Houston
Mountain biking, trail running, saltwater kayaking, and one of America's biggest marathons
When to come?: 

Houston is close to the Gulf of Mexico and can get very humid year-round. The summers are hot, but the winter is very mild. Come during spring for some of the best weather. Houston can be very rainy, but it usually comes down as brief downpours, not as soaking rains or drizzle.

What to do if you have a sunny Saturday?: 

Start by joining what seems like everyone in Houston at Memorial Park for a 3-mile jog on the crushed stone trail - shaded by piney woods, the Memorial Park running trail is even lighted. The only problem will be parking, so get up early.

Head over to Terry Hershey Park to use the 10 mile paved hike and bike trail for bike riding. The asphalt path stretches along Buffalo Bayou, and is the best uninterrupted bike riding in the Houston area - Houston is choked with traffic until you get far outside the city. The hike and bike trail is a shared trail though, so look out for kids, walkers, and dogs.

Where can I go to get out away from the city, without driving too far?: 

Armand Bayou Nature Center is the opposite of Houston's concrete jungle. Before Houston became the nation's fourth largest city, the area along Galveston Bay was a mix of wetlands, prairie, and piney woods forest. Go for a walk along the trails at the bayou for a glimpse of how it must have looked.

Huntsville State Park, one hour north of Houston, has great hiking, trail running, and mountain biking in the piney woods, surrounding a lake. The best trail in Huntsville State Park is the singletrack Chinquapin trail - the CCC trail is similar in length but has a lot of open jeep/dirt road. The lake is very inviting to swim in, but like all of East Texas, watch out for alligators!

Brazos Bend State Park is another world altogether. A low-lying area along the Brazos River, Brazos Bend State Park is a guaranteed place to see alligators. The trails in the park are great for leisurely mountain biking - nothing too technical makes them great for families (except for the gators).

What mountains/hills can I hike nearby?: 

Unfortunately, the whole Gulf Coast really doesn't have any hills. You'll have to head west 600 miles to Guadalupe Mountains National Park or Big Bend National Park or Davis Mountains State Park for real mountains.

About an hour away, Huntsville State Park has a few rolling hills, but nothing major and certainly no scenic views or anything. You'll have to head west to the Texas Hill Country, or at least Bastrop State Park.

What outdoorsy stuff is way overrated in this town?: 

The Galveston beaches near the city are not exactly the greatest beach destination. The gulf water near Galveston can be very muddy, and the sand is usually a dingy brown. Don't go all the way down there for a relaxing day at the beach - many visitors thinking of the crystal clear water and white sand beaches of the Florida Gulf coast end up disappointed. Instead head about ten miles west to Galveston Island State Park, where the beach is wider, and there are showers and restrooms.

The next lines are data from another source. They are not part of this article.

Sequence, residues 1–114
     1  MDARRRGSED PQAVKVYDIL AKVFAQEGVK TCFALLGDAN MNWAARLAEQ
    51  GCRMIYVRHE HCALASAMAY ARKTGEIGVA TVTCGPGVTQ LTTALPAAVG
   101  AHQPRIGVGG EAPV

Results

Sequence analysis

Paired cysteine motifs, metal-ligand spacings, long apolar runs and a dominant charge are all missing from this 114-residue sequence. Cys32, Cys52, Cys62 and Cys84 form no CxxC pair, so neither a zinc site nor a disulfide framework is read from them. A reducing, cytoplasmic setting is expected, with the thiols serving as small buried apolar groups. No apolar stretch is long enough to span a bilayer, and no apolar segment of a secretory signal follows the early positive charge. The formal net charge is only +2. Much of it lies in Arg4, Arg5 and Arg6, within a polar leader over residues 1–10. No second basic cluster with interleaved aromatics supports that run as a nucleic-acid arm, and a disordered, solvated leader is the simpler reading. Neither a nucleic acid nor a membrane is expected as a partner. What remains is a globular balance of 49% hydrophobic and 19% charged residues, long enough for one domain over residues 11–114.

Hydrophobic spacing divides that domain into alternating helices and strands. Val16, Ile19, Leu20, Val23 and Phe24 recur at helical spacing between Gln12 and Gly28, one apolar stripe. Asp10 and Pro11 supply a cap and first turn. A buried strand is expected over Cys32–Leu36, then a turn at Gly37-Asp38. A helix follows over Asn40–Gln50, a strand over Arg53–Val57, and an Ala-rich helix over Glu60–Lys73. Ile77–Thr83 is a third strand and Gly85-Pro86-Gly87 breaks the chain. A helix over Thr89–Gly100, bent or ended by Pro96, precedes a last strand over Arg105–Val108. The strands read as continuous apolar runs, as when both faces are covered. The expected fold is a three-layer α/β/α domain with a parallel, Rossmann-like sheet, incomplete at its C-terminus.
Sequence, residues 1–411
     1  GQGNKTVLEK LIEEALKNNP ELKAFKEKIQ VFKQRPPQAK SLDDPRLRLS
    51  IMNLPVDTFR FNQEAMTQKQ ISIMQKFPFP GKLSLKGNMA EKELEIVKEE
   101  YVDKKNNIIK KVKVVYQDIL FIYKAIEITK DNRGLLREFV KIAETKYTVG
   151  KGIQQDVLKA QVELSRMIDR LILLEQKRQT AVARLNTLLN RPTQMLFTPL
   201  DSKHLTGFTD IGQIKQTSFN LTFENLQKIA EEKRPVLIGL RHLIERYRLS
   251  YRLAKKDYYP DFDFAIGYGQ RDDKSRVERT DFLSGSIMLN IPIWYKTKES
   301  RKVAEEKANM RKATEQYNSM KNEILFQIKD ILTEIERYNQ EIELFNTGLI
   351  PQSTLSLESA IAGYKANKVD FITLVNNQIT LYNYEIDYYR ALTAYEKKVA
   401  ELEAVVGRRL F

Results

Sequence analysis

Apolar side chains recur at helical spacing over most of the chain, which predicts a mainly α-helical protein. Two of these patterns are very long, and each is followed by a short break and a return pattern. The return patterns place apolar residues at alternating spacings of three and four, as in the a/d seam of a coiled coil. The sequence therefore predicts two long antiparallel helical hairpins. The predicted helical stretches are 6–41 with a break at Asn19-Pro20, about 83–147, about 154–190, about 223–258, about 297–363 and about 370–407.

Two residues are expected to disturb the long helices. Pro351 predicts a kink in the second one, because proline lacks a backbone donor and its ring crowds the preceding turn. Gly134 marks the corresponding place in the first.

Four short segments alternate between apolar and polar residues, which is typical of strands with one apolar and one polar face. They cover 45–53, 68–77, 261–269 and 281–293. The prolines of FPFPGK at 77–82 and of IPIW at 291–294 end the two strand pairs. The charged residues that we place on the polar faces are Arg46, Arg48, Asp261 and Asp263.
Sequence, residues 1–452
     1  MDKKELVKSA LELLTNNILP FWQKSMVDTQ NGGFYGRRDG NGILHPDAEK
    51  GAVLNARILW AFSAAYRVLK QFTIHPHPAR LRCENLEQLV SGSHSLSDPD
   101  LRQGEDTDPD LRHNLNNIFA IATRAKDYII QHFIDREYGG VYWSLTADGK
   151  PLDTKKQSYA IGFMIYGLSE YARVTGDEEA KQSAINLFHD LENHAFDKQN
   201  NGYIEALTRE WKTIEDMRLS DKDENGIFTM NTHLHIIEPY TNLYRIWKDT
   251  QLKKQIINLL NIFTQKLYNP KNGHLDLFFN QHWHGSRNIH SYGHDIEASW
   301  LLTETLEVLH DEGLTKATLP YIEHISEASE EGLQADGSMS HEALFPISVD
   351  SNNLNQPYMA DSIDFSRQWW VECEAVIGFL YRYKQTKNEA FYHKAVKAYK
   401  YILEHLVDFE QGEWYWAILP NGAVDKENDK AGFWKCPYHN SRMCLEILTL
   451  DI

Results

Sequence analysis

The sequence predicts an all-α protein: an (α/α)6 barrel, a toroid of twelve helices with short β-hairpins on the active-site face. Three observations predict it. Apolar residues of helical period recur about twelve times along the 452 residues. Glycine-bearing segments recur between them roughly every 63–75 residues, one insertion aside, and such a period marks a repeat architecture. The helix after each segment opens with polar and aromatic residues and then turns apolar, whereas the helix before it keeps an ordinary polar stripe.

The Rice University running trail is narrow and can get very crowded.

Swimming
Swimming Groups, Classes, and Coaches: 
Open Water Swimming: 

One of the nicest areas to swim in Houston is 288 Lake - http://288lake.net/ - it is a spring fed lake open to scuba divers, triathlon swimmers, and kayakers.

Similar is Scuba Park at Twin Lakes - http://www.scubapark.net/

Parks: 

Huntsville State Park

Description: 

Huntsville State Park is a piney-woods park an hour north of Houston and two hours south of Dallas. Huntsville has 15 miles of hiking and mountain biking trails surrounding Lake Raven, a small reservoir.

Huntsville hosts some of the best trail running races in Texas, including the Rocky Raccoon 100-mile and 50-mile race in February, the Rocky Raccoon 50 km and 25 km race in November, the Hogs Hunt 50 km and 25 km race in April, and the Texas Trails 50 km and 12.5 mile run in December.

Memorial Park

Description: 

Memorial Park is Houston's Central Park. Located west of downtown (south of I-10, east of I-610), Memorial Park is the place to go for outdoors recreation inside the loop. Some days it feels like everyone in Houston is out on the jogging trail, mountain biking, playing tennis, or just enjoying the day.

Memorial Park has the best public golf course in Houston, tennis courts, baseball fields, volleyball courts, picnic areas, and the Houston Arboretum.

Galveston Island State Park

Description: 

Galveston Island State Park stretches from the beach to the bay, 10 miles west of the city of Galveston. Most come to the state park for the wide, sandy beach on the Gulf of Mexico, and then stay to camp at either the beach side campground or the bay side campground.

NOTE: The park was damaged by Hurricane Ike two years ago, but has recovered quite well - the facilities are still not completely back to where they were, but restrooms and showers are now available within the park.

There are 4 miles of hiking and biking trails within the park on the bay side.

The State of Texas has also established several paddling trails for canoes and kayaks on the bay side, the Dana Cove trail, the Oak Bayou trail, and the Jenkins Bayou trail. The best description of these paddling trails is on the Galveston Island Paddling Trails web site.

The state park has an excellent, color, trail map of the hiking/biking trails and the paddling trails, but it does not appear to be online yet. The map we link to here has the trails on it, but it's not as clear. Ask for the paper map at the park headquarters.

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